BROOKSVILLE — Seventeen years in the making — and contorted by every form of financial, environmental, legal and procedural hurdle imaginable — the snake-bit Hernando Beach Channel dredge on Tuesday ground to what the contractor says was a successful conclusion.
The work had to be done by the end of January or contractor BCPeabody would have faced $5,000 a day in fines for missing its deadline.
"We're done,'' Robert Carpenter, chief executive officer for the company, said Tuesday afternoon, hours after the last excavator stopped digging in the channel. "I am elated.''
While Carpenter said his company had fulfilled the contract requirements, digging the channel 6 feet deep and 60 feet wide for 3 miles, the official stamp of approval and waiver of any penalties will not come until later this week.
That's when an independent surveyor will use sonar to make sure no high spots were left behind.
Since Dec. 31, when "substantial completion" was declared, the dredging company has been going back over areas where there might have been places that were not yet 6 feet deep. Carpenter called the recent work more "surgical,'' in that only about 300 cubic yards of spoil material were pulled from the channel during the past week, compared to the total of 80,000 cubic yards that were removed over the course of the operation.
"That's a lot of fill,'' he said, noting that the county can now use the material as fill in some types of projects.
The fill is stored in settling ponds that were built at the beginning of the project on the site of the county's old wastewater treatment plant along Shoal Line Boulevard.
Activity in the channel and surrounding canals Tuesday included bringing in barges, cleaning them off, preparing some equipment for transport and other pieces beginning to head into the Gulf of Mexico toward home ports.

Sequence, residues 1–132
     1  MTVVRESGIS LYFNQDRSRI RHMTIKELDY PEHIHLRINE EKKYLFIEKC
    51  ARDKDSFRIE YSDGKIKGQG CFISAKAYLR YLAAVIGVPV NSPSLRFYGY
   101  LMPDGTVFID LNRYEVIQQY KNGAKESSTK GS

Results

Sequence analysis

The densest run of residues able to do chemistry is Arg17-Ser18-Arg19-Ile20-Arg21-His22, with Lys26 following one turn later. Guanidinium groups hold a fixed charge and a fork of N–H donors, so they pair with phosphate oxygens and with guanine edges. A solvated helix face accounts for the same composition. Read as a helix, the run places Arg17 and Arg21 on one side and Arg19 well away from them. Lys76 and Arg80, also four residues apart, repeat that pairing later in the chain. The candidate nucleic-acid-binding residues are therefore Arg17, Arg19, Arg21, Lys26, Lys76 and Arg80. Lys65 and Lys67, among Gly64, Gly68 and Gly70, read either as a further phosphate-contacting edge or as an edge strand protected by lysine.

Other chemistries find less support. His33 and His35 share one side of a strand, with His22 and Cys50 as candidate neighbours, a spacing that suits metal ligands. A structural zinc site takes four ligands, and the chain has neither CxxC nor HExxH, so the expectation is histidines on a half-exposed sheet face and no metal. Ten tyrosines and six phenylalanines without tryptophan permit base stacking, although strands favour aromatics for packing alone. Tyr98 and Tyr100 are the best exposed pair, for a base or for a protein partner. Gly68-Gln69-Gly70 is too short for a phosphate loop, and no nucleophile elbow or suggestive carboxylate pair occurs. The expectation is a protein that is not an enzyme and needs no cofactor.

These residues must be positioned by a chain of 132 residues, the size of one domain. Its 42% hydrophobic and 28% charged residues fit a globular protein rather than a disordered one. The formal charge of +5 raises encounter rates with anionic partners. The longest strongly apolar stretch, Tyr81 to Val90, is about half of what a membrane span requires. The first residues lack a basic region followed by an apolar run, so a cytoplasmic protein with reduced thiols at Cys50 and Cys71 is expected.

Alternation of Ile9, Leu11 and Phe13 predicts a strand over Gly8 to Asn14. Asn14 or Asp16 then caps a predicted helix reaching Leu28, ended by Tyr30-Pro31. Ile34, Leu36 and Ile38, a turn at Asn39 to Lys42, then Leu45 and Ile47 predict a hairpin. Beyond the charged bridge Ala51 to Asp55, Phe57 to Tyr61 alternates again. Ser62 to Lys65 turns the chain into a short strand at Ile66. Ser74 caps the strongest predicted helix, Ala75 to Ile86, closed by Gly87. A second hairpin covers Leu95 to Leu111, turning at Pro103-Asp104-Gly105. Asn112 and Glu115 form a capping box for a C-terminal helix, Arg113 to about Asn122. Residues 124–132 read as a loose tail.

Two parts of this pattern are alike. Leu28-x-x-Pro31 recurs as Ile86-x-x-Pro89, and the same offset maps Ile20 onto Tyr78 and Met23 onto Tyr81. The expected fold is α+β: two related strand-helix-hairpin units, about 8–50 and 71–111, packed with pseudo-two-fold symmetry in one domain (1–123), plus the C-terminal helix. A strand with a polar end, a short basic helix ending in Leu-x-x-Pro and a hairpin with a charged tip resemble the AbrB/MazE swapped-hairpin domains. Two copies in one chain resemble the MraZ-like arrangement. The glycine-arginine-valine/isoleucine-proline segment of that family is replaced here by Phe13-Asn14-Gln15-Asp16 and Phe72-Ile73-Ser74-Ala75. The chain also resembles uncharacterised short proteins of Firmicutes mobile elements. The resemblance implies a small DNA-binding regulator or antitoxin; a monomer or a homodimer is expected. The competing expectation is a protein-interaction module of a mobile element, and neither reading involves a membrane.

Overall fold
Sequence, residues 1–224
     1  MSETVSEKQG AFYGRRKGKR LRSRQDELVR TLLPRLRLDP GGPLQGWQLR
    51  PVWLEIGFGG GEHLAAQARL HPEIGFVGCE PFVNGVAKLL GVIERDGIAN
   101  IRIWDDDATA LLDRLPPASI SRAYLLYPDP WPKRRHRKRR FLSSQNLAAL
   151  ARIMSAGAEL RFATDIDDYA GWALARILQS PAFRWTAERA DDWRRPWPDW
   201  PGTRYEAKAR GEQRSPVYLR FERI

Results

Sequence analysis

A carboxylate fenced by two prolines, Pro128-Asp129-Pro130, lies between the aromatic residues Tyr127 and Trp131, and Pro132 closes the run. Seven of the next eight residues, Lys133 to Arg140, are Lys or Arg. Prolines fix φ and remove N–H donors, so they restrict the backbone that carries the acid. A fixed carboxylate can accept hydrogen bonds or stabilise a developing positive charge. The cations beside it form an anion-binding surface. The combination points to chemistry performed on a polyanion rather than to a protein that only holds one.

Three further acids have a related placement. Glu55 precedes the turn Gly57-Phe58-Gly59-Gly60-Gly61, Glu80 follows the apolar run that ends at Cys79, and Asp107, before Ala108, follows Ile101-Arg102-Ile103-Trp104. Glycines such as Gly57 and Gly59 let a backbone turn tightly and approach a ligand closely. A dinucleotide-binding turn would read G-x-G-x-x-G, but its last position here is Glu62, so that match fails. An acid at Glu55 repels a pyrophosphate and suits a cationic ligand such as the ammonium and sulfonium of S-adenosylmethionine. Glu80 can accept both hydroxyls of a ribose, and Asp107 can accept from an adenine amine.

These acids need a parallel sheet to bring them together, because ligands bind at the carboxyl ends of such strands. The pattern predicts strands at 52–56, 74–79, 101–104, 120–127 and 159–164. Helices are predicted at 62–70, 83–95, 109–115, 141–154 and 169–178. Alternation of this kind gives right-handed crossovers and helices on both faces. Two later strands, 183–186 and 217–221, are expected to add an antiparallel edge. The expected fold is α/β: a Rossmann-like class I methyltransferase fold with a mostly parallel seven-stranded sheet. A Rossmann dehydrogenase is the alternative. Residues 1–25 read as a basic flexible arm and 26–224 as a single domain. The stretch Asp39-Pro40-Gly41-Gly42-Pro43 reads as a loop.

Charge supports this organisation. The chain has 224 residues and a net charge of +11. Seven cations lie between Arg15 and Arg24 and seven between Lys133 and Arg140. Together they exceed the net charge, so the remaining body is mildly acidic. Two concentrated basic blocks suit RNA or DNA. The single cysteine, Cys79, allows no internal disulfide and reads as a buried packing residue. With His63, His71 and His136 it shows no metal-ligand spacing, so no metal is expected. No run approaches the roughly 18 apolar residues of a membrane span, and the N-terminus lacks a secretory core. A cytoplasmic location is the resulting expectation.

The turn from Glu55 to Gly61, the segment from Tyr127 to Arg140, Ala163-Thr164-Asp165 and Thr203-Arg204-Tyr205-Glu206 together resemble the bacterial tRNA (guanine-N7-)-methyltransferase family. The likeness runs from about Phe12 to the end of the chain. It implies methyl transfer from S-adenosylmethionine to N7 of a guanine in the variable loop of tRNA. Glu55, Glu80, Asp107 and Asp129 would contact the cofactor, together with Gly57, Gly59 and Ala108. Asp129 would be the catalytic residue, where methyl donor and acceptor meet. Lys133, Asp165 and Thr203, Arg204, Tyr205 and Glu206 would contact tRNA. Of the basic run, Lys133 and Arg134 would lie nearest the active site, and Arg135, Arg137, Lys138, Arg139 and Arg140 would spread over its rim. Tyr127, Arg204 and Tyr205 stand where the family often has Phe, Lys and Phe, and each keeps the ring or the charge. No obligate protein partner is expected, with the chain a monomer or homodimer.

"We're delighted to finish a very difficult job, no doubt about it. In the end, we did what we said we were going to do,'' said Carpenter, whose company had never done a dredge before this one. "This was about as hard as it can get.''
Carpenter said his work crews had been dredging around the clock since the end of July, including on Thanksgiving and Christmas, to get the work done by the deadline.
"At a certain point, it becomes a matter of personal pride,'' he said.
Along the way, BCPeabody had to change dredging methods, alter the state permit, deal with equipment failures, face a fine for a permit violation and find a way to catch up after falling well behind schedule.
For a first effort, Carpenter said, "I don't think there is anything more that the dredging world can throw at us that we didn't face on this project.''
Carpenter and top company officials are all ex-military personnel, and they called the dredge their "mission'' throughout the challenges. He said their collective experiences helped them push through the challenges.
"In the military, you don't choose your assignments, and whatever your assignment you almost certainly never did it before,'' Carpenter said. "You just have to persevere and get it done because people are depending on you.''
Some cleanup in the spoils unloading area and restoration of nearby lots is still planned for the next few days, Carpenter said.
He also said that the ongoing disputes over damages caused by dredging equipment at several waterfront properties have been sent to his insurance company. He said he believes some of the homeowners are asking for more than what was actually damaged.
County officials have said that they will not release the remaining dollars on BCPeabody's $8.7 million contract until they are comfortable that all of the outstanding issues are settled.
On Tuesday, calls to Susan Goebel, the county's environmental services director, who has been in charge of the dredge, were not returned. Instead, she sent out a message through the county's community relations office.
"Staff will be assessing the project status tomorrow (Wednesday). Although the deadline for completion is today (Tuesday), there is certain data (surveys) that will need to be reviewed to determine if the dredge work is complete,'' Goebel wrote. "A media release will be issued before the end of the week.''
For Carpenter and his crew, when the last barge is heading home and the last excavator has been packed up, a much-belated holiday party is planned.
"It's going to be a very good party,'' he said.
Barbara Behrendt can be reached at firstname.lastname@example.org or (352) 848-1434.